And yes he is my boss, but that doesn't mean he's always right. Don't get me wrong, he has a ton of knowlege and experience. But not everyone can be right all the time..
    04-04-2011, 11:39 AM
I use split reins and a snaffle. If I ever had that much of a drape in my reins I would be reaching to my ears to do anything. I always hold my reins about the length you had them in the first place. Different story if the horse were in a curb and neck reining.
    04-04-2011, 01:02 PM
You need a mentor whom you KNOW is an excellent horseman, so that when he directs you, you KNOW that he's right.

I'm concerned for you that you don't know whether or not to trust your boss! It'd be strange if this scenario never happens again, as well. Have you thought of future times of uncertainty about him, & how difficult this'll be? Pretty much an impossible situation.

Since you don't have a mentor whom you know that you can trust, you need time & space to experiment with your individual horse (in this case, on rein length), but that's impossible, because boss demands compliance.

What if everyone on your thread said that your boss is wrong? Would your boss listen to the feedback? I doubt it.

It seems to me, therefore, that you & your boss are not a match.
    04-04-2011, 03:55 PM
I think you were correct in how long the reins were. If you have to bring your reins up to your chin to get any contact, you have way too much slack lol. This guy wasn't your trainer or anything right? I think I would have just ignored him, or asked why he wanted so much slack in the reins.
    04-04-2011, 07:53 PM
Super Moderator
I'd like to point out that while it's highly likely that her boss is wrong, he may actually not be.
He may have more knowledge of this horse than the OP and while he obviously didn't go about correcting her in the most congenial way, he may have been trying to be helpful.
Personally, I have ridden a few very well trained horses that you never ever needed contact with their mouth to tell them anything. You could be riding in a snaffle or in a curb, it didn't matter, those horses would respond to the lightest touch without ever requiring contact.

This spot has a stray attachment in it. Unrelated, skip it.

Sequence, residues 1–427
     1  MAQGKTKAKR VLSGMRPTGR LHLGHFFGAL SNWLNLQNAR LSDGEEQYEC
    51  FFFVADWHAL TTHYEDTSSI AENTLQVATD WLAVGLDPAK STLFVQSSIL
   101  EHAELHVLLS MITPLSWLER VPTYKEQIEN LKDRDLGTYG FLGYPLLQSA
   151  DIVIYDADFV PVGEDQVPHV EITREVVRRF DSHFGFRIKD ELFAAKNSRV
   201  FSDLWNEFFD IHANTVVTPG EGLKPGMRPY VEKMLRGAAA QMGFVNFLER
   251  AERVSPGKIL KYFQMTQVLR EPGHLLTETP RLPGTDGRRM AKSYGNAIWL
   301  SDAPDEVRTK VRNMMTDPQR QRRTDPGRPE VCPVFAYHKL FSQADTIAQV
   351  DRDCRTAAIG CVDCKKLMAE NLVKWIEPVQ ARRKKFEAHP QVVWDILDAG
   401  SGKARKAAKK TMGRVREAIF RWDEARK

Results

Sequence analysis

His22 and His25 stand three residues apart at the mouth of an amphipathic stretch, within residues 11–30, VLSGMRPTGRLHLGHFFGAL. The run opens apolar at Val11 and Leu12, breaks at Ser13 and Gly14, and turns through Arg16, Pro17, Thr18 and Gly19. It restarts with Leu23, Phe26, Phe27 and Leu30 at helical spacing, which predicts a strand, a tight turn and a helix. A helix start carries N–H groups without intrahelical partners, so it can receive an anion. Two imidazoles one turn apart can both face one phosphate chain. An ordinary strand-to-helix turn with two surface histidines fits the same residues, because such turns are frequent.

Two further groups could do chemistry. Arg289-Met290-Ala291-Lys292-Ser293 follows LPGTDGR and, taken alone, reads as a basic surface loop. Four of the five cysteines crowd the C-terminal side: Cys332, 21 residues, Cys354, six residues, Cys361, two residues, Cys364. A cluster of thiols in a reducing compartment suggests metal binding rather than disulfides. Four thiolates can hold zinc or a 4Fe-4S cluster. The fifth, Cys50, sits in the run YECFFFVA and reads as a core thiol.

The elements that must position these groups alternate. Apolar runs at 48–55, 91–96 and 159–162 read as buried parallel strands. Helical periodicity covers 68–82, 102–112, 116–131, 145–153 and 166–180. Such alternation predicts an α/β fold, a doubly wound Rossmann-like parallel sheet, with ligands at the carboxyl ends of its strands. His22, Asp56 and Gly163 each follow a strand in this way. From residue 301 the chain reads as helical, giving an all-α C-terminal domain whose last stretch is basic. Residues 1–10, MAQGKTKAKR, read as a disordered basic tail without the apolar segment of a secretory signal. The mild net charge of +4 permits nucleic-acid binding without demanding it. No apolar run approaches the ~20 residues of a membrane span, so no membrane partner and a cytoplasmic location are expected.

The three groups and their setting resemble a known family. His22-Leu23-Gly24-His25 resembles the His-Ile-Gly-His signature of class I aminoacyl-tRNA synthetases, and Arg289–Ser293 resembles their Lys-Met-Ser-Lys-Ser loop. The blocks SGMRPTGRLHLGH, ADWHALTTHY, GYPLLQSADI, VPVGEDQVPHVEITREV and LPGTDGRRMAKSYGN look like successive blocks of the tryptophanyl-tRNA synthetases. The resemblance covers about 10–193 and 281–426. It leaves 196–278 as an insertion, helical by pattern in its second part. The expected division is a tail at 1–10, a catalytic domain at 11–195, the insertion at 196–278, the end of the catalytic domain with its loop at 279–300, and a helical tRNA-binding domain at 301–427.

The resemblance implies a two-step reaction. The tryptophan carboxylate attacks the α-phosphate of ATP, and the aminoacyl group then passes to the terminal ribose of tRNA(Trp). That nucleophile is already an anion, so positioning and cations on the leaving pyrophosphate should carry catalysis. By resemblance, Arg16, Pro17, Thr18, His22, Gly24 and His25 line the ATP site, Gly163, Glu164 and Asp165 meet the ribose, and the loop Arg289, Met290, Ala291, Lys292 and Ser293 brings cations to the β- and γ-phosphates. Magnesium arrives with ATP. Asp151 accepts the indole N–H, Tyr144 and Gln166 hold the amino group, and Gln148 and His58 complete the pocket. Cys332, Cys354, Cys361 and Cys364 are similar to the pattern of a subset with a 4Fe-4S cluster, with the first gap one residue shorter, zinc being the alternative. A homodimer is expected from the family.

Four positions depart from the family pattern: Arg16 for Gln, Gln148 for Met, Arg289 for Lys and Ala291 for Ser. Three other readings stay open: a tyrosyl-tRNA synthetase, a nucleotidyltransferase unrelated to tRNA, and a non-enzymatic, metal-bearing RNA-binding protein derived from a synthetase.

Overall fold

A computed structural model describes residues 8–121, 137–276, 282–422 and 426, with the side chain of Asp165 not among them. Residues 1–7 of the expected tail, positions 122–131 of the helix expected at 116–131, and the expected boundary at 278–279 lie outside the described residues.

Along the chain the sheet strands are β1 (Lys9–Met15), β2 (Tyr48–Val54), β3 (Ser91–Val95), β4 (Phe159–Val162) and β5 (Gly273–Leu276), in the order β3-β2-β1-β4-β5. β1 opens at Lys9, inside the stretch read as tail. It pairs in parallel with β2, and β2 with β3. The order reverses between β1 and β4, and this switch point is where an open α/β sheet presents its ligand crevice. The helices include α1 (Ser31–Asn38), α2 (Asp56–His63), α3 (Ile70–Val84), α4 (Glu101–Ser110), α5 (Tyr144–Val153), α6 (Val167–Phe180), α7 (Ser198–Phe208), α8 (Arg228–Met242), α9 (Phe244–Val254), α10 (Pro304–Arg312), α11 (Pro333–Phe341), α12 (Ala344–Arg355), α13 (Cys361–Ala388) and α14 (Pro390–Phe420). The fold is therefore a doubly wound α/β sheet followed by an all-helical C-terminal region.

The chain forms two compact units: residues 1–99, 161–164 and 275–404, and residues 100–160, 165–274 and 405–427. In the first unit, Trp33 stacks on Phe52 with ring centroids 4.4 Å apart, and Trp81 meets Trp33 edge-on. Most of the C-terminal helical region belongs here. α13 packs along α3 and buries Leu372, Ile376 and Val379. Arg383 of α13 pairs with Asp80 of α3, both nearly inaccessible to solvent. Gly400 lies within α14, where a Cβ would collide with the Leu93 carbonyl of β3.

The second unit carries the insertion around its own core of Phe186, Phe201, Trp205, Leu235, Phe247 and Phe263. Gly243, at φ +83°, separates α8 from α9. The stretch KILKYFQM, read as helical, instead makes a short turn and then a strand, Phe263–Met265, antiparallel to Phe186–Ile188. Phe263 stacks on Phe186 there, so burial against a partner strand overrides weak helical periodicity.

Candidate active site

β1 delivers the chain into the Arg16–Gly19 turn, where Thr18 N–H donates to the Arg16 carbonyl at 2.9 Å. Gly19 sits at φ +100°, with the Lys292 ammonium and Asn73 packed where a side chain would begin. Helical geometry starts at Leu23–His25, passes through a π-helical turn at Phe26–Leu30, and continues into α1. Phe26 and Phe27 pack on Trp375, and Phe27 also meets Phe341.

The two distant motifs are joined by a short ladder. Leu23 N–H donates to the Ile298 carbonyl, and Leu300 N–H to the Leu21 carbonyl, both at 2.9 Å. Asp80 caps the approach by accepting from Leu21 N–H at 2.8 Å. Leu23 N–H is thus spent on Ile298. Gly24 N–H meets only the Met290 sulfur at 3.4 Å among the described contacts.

Another thing I can think of is that some horses can be claustrophobic if they aren't used to rein contact. Perhaps the OP's boss saw the horse doing something that he felt worried about and, instead of doing what would have been best and explaining what was going on to the OP, he just made her change what she was doing.
As a rider, we don't always have a clear picture of what the horse is doing under us and perhaps her boss felt the horse's body language was saying he was uncomfortable with the current state of events.

I just want to point that out becuase I'd hate for us to jump all over someone who is actually trying to help, albeit in a less than helpful way. And if her boss is legitimately a terrible person, attack away, but I kinda doubt that he is. He probably has some reason for saying what he said.

OP- Maybe you could ask your boss to explain what he was thinking?

ETA- I guess this is more pointed towards Northern, I somehow had thought more people were harshly attacking the boss. Sorry!
    04-05-2011, 08:48 PM
I asked him about the situation yesterday, and he told me that in Western riding you need a lot of lag in the reins. He told me that you should see a you shaped loop in the reins from mouth to hands.

I think maybe it's a matter of disagreement. I do agree that in Western there is more lag in the reins than in English, but I don't know that it needs to be the amount that he said it should be.

My boss an I generally get along, but because we have different riding styles, sometimes we have different opinions maybe. I mix between English and Western, whereas he is strictly Western and won't even look at English without rolling his eyes.